Cancer blood test could help early diagnosis of pancreatic cancer
The NHS is set to trial a new blood test designed to detect over 50 types of cancer from next year. A potentially positive development in the future of diagnosing patients with pancreatic cancer.
The test works by detecting small amounts of abnormal DNA produced by tumours that circulates in the blood. The large pilot of the test will involve 140,000 people aged between 50 and 79 who will be offered the blood test annually for three years to attempt to identify cancers before they show symptoms. A further 25,000 people will be offered the test once they are symptomatic, as part of their cancer tests.
At Pancreatic Cancer Action, we welcome the research as a potential aid to early diagnosis. Currently, around 80% of pancreatic tumours are diagnosed at stage three or four, too late for potentially curative surgery. 5-year survival is under 8% and has not significantly increased in decades.
These statistics need to change. We know that early diagnosis increases treatment options and saves lives, therefore we look forward to seeing the results of the pilot and the impact on pancreatic cancer diagnosis.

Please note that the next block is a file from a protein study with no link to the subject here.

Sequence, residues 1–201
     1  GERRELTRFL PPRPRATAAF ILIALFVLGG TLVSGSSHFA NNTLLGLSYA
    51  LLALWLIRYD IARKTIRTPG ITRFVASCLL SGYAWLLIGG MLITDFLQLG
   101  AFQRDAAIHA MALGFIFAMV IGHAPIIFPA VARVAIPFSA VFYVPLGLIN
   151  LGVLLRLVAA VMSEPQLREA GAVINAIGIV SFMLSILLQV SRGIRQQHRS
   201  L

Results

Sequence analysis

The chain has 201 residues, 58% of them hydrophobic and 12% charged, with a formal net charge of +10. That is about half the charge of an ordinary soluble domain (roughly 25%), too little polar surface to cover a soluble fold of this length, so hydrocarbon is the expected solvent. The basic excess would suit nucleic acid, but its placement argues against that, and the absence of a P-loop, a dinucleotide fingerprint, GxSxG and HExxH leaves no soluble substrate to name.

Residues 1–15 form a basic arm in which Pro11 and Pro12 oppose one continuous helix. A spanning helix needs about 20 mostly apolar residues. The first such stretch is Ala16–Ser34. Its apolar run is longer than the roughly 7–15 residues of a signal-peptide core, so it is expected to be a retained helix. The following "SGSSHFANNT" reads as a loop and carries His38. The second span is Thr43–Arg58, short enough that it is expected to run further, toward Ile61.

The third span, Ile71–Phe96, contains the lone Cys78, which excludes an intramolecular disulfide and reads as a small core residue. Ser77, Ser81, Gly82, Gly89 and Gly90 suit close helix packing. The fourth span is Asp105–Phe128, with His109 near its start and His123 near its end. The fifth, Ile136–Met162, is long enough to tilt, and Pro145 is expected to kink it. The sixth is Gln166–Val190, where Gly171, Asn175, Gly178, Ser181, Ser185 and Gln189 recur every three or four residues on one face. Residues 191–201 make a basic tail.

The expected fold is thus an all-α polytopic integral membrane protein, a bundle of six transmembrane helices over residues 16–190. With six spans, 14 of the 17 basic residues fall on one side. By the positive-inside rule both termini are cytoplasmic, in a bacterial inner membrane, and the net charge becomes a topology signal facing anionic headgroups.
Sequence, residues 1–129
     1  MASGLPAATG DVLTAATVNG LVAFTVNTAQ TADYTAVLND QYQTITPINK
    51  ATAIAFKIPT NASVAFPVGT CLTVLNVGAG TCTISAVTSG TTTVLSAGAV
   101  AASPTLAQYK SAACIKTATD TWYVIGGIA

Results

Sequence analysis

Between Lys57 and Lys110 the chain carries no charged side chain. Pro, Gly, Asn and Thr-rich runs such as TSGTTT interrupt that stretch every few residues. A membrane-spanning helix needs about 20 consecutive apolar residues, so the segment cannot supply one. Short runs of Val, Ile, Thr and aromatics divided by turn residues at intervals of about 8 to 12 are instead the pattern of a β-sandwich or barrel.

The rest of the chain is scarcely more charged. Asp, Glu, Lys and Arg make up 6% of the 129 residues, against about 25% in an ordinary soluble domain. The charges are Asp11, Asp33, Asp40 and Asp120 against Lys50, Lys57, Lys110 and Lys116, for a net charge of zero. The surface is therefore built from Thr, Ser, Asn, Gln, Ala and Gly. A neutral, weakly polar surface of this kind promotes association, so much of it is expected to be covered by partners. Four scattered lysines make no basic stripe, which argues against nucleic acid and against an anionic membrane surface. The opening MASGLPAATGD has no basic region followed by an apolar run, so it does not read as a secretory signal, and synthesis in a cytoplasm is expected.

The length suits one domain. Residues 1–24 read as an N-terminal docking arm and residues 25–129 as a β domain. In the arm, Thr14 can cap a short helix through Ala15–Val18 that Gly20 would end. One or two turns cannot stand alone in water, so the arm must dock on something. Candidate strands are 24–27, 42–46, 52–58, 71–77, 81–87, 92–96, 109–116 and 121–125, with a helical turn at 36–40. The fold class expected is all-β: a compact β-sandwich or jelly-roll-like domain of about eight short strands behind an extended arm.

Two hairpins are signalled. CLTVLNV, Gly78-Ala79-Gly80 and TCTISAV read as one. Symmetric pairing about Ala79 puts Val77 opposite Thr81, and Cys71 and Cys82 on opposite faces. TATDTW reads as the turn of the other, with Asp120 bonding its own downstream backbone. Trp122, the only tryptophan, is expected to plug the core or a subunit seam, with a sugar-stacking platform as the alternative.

Currently, there is a no simple screening test for pancreatic cancer and some patients need multiple investigations before they are diagnosed. Furthermore, the vague symptoms of the disease and a lack of public awareness can cause patients to present late.
The option of a simple blood test to screen patients for pancreatic cancer before they show symptoms would be a potential game changer. However, we remain cautious about some elements of this trial. Previous research work has been conducted in smaller groups of patients showing symptoms. Those studies have shown varying results in detecting cancers early. Larger and later stage tumours produce more of the abnormal DNA that the blood test is designed to identify. The test must be sensitive enough to identify abnormal DNA from pancreatic tumours accurately, without missing cases or giving a false positive result.
At Pancreatic Cancer Action, we will be monitoring the progress of this promising research closely and evaluating the results. We welcome the investment into early diagnosis of cancers with a poor survival rate like pancreatic and are pleased to see this as a focus of the NHS despite the Covid-19 pandemic.